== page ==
A couple of months ago my wonderful dance instructor, Anna, at Seattle Early Dance gave my number to one of the ladies in her Renaissance Dance class. They had a performance coming up in six weeks, the first one for the lady in question in the Renaissance genre, and she needed a new gown. We talked, exchanged a couple of emails, and a week or so later I went ’round to her house to take her measurements and get started on her dress.
When we first spoke, she showed me a painting of a very young Queen Elizabeth I that she fancied. We then went over some fabric samples that I had brought and discussed various options that she could go with as well as some modifications to the original dress that might be better suited to a dance performance, like making the under-sleeves more tightly fitting to better show arm movements. We settled on a mid-weight cotton velvet for the main body of the dress and a pleated silk taffeta that I had brought a sample of for her to look at. We opted to keep the trimmings simple, with no treatment at the shoulders and just a very simple skirting at the edge of the bodice that would make sure the waistband of her overskirt stayed covered. The neckline would be done in alternating ruby-and-gold ‘ouches’, which is the period name for what is effectively a jeweled button, and little clusters of glass pearls. After showing her various hat options she settled on a darling little pillbox style with a long veil that we had decided to do in a metallic gold silk organza. I sketched up her design for her approval and the next day I mailed her a list of what we’d need so that she could order the fabrics and findings herself. I took her measurements and we were off and running.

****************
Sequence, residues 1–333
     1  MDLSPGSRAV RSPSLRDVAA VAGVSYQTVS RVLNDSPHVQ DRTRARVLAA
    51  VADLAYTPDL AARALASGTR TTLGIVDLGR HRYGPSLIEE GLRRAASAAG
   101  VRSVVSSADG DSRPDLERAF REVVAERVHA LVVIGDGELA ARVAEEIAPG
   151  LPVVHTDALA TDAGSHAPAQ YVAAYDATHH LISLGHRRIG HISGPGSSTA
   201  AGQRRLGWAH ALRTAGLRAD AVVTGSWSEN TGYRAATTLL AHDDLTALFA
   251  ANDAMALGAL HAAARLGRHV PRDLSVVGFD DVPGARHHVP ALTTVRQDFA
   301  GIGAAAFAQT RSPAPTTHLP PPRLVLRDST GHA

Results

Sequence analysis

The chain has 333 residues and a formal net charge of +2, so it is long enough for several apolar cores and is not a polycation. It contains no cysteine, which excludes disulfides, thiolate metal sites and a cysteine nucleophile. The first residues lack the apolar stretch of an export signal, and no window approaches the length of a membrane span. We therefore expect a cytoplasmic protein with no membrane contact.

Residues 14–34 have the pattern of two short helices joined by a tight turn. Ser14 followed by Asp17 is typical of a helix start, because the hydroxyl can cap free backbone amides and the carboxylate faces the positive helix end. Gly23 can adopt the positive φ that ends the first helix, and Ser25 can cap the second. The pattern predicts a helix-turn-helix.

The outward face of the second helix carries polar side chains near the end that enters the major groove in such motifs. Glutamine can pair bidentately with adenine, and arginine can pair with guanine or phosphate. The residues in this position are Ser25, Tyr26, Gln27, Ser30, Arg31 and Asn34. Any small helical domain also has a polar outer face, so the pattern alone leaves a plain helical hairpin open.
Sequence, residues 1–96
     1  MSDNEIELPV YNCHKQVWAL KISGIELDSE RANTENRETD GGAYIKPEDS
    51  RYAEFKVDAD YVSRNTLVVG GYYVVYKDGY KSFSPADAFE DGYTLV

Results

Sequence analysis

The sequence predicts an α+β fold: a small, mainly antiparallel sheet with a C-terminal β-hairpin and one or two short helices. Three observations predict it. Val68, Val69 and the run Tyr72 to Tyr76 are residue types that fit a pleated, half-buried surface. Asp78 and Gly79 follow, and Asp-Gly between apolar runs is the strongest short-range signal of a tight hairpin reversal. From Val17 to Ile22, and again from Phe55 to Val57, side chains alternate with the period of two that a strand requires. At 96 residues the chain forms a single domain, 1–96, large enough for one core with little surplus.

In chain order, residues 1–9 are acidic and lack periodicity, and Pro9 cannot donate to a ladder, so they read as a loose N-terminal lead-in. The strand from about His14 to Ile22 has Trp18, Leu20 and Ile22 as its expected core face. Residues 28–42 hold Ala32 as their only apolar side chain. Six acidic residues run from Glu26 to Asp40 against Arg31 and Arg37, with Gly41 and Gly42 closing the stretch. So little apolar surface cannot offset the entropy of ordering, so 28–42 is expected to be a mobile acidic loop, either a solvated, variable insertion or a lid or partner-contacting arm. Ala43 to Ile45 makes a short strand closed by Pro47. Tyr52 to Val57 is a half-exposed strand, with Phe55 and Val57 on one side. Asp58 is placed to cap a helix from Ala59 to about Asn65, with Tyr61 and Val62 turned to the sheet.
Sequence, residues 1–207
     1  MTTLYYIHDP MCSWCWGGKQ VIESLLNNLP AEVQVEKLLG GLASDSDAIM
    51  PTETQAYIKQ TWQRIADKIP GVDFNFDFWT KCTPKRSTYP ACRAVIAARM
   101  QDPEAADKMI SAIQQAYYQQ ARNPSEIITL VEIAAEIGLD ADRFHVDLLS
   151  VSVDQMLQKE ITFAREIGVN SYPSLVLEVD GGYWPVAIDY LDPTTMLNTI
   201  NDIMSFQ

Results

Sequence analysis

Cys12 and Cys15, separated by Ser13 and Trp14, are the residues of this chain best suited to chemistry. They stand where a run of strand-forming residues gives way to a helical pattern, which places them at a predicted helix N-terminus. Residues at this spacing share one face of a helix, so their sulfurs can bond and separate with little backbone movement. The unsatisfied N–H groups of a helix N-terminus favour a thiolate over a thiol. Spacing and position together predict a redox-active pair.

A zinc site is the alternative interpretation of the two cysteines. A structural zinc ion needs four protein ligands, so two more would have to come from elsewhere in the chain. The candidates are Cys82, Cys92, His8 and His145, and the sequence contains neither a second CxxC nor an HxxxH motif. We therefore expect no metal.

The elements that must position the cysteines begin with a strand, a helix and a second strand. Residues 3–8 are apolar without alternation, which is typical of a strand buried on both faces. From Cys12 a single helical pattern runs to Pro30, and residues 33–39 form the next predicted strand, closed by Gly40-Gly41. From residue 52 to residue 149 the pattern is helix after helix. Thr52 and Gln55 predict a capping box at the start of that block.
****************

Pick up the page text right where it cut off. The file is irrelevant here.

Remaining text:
About a week later I came back with a toile of the bodice to fit on her. A toile is sort of a test/pattern garment that you use to get the fit just right before you cut it out of the real fabric, which I was just picking up at that point. I marked some adjustments on the toile and picked up the velvet that had just arrived, and went to work in earnest. Two weeks and a couple of fittings later we were almost done and I just had to tack the hem over the hoop skirt and trim the neckline of the bodice with the jewels that had just arrived.
We were pretty close to their dress rehearsals at that point so I speedily whipped through putting the hem in and trimming the neckline of the dress. I had originally planned on using a bias cut strip of the underskirt silk as a backing for the neckline trimming, but it proved not quite flexible enough and so instead I opted to go with a lacy bit of gold corded trim about an inch and a half wide, and that worked perfectly. The large band of gold and gems at the neckline looked beautiful under the stage lights as she danced, twinkling beautifully, and the scarlet color was just stunning.